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A Fond Farewell to Beloved, Recovered Bald Eagle

By Shanna
Published On: Nov 05 2011 12:17:55 PM CDT
Updated On: Nov 05 2011 12:58:41 PM CDT
SUNRIVER, Ore. -

A badly injured bald eagle found near La Pine in June made national news after a doctor revived him with mouth-to-beak resuscitation.

The eagle, now named Patriot, has made a remarkable recovery from a broken wing, paralyzed leg and more injuries. Although he won't be able to fly again, he can now stand on his own.

Friday afternoon marked a "good-bye" from his vets and community members during a *graduation party" at Sunriver Nature Center.

Before he left, Patriot's story was remembered by the many of the people who played a role in his journey.

"To be able to pick up that magnificent bird and know that the act that we did is going to touch so many lives everywhere just is amazing," said Dodie Witt from La Pine, the woman who first found the injured bald eagle with two of her other family members.

From the start, veterinary technician Jeanette Bonomo joined Dr. Jeff Cooney for Patriot's rehabilitation. They knew his extensive injuries meant he wouldn't be able to be released.

"He's going to Blue Mountain Wildlife," said Bonomo. "Jeff and I work real closely with Lynn (Tompkins). We're almost in contact with her daily, so from the beginning, that's where I wanted him to go."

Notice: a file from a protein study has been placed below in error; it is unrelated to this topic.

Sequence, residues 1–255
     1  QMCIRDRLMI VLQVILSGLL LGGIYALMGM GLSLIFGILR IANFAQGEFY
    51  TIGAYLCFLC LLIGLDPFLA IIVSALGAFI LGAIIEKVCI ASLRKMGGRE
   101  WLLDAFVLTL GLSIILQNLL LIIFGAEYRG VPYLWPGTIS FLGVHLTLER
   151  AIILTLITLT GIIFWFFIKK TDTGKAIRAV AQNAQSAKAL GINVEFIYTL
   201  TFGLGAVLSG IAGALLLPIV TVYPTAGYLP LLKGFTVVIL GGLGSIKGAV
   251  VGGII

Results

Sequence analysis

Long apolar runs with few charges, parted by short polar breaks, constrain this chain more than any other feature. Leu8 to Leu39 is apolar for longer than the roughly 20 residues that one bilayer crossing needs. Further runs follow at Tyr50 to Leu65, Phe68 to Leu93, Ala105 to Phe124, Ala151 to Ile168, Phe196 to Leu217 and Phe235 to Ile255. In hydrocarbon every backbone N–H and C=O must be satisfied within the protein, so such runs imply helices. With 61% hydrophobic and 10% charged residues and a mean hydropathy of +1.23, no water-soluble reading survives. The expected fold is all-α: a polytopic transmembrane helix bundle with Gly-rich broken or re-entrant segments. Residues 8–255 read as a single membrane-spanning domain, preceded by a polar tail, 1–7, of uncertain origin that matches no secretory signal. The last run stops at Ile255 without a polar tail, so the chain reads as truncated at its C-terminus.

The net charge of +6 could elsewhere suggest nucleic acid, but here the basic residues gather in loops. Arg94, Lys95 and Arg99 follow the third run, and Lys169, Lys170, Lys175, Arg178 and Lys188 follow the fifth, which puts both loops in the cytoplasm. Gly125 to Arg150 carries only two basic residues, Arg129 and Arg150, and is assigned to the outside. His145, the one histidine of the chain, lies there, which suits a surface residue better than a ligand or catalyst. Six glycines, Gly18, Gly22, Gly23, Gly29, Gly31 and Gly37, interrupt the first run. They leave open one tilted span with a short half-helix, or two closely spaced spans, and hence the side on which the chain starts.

Another special guest: Kira Neilsen, the 9-year-old Bend girl who started a campaign to donate money and fish for Patriot. She raised over $1,000 for his care.

"It's kind of sad to see him go, but it will be a better life for him," said Neilsen, who aspires to be a veterinarian herself.

Now Patriot will begin his new journey with Tompkins in Pendleton.

"Well, he is really special, because of his story," said Tompkins. "I mean, he's just an amazing bird. And it's just a miracle that he's even alive and able to be healthy. Even though he can't fly, he can still stand."

A symbol of our nation, Patriot has made a big impact and will continue to do that as an educational bird. Friday was not a goodbye, but a farewell.

"We'll miss him," said Bonomo. "We just can't take a drive to Pendleton any day, but the nice thing is that Lynn can send us emails and photos so it's the best outcome that could have happened for him."

Blue Mountain Wildlife Center in Pendleton is the biggest raptor center in the Northwest, run right out of Tompkins' home. They are a non-profit, working off of donations and grants and are asking for the community's help in building a larger, more adequate facility for their cause.

For more information, visit Blue Mountain Wildlife at: http://www.bluemountainwildlife.org/.

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